Hybrid electric vehicle standards needed, Sri Lanka transport expert says
ECONOMYNEXT – Hybrid electric vehicles can help reduce emissions but minimum standards and adequate support infrastructure are needed to ensure their efficient use and avoid more congestion, a transport expert said.
Hybrids and electric vehicles, designed and driven differently from conventional vehicles with internal combustion engines, may be adding to traffic congestion, said Dimantha De Silva, senior lecturer in Moratuwa University’s department of civil engineering.
“A lot of people who bought electric cars bought it as a second vehicle,” he told a forum on ai pollution held by Biodiversity Sri Lanka with the United Nations Development Programme.
“That worsened congestion. So we need to look at the broader picture.”
De Silva also noted that hybrid vehicles represent a totally different way of driving, with drivers tending to drive slower than usual.
“Is it contributing more to congestion? Maybe yes.”
Automakers say hybrid cars are made for efficiency and lower emissions, sacrificing higher speeds and more power, slowing down their performance.
For instance, hybrids operate from a standing start using only the electric motor, to get good fuel efficiency.
Typical hybrids have small electric motors whose use helps downsize their fossil-fuel driven engines compared with those in conventional vehicles, partly to reduce weight and improve design, and hence lack good acceleration.
De Silva said hybrid and electric cars are good as they reduce emissions but minimum standards were needed to ensure substandard cars were not imported.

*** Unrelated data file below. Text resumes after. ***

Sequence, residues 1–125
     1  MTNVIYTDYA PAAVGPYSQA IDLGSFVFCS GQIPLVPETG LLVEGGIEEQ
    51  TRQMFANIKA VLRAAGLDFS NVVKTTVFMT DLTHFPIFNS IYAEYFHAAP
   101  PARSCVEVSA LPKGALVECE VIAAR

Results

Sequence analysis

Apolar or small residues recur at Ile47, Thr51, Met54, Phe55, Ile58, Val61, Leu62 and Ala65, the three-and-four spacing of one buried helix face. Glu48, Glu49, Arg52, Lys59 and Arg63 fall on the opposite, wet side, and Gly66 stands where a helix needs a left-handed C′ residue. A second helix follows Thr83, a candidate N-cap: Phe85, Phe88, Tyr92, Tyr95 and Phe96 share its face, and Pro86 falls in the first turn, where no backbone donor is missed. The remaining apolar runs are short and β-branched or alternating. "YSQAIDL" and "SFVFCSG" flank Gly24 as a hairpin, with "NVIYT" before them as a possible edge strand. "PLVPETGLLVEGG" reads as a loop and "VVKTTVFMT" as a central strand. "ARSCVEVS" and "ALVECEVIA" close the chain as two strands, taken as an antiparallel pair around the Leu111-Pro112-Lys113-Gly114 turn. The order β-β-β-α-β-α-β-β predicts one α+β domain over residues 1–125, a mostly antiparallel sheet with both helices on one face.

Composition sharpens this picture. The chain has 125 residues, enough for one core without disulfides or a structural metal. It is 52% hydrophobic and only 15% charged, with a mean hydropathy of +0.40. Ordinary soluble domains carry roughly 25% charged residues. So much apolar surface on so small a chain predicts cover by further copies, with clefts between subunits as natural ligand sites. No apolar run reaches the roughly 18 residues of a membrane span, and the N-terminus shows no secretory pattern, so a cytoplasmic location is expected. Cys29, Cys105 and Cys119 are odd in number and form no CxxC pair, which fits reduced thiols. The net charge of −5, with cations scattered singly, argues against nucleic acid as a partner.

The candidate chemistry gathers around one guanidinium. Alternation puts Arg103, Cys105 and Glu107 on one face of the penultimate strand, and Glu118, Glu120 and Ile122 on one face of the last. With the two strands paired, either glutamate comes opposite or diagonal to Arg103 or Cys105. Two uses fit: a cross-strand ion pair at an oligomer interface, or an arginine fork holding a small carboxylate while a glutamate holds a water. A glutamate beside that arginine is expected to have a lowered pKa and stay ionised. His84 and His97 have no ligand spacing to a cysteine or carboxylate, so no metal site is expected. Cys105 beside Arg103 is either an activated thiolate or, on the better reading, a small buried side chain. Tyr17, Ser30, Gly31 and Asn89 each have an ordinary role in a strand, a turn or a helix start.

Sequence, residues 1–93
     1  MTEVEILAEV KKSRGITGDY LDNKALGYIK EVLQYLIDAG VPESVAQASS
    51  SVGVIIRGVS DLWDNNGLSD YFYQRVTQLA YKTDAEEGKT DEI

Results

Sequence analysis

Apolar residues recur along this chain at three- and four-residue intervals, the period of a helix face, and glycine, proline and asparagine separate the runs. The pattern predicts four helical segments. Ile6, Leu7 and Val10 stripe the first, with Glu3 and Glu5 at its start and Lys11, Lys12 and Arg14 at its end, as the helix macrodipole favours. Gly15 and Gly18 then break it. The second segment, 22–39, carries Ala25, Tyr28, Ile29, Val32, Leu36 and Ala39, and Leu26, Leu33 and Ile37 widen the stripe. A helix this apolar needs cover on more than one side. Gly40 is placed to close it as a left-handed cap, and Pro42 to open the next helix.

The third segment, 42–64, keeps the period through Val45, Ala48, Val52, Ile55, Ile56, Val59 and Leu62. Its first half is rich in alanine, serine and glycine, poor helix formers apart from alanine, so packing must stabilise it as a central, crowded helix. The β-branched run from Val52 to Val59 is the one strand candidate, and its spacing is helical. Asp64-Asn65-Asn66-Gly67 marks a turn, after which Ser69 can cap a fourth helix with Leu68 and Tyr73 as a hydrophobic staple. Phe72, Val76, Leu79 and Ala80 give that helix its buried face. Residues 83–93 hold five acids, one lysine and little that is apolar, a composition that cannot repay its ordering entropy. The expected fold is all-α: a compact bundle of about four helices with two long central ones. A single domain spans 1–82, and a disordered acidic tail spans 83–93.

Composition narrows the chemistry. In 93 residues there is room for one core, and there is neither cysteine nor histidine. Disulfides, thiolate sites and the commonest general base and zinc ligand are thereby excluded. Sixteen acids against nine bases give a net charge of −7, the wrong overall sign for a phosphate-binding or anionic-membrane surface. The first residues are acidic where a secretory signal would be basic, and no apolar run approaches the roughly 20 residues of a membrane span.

“The new ones’ acceleration speeds are so slow.”
Transportation accounts for 60 percent of the island’s emissions which could be reduced with more attention to the sector, De Silva said.
Over 60 percent of vehicles are in the Western Province, where the capital Colombo is.
“With about 500,000 vehicles entering the city daily and about 1.9 million passenger trips coming into the city, you can understand where our highest emissions are.
”One solution is electric cars with no emissions but it won’t work if you promote it without charging stations as they can go only a maximum distance of 200 kilometres without charging.”
Shifting people to mass public transport like buses and rail, as the government plans doing, would also help reduce congestion and emissions, De Silva said.
“Congestion is big problem in Colombo. Average vehicle speed in Colombo is now down to 12 kmph.
“Building roads is not the solution – we need to move to mass public transport. Railway is one of biggest solutions we are looking at, along with Light Rail Transit and buses too. We are going to electrify suburban railways and use electric or hybrid buses.”
(COLOMBO, 17 July, 2019)
Economic Intelligence Unit of the Ceylon Chamber of Commerce
Jehan Perera - Executive Director National Peace Council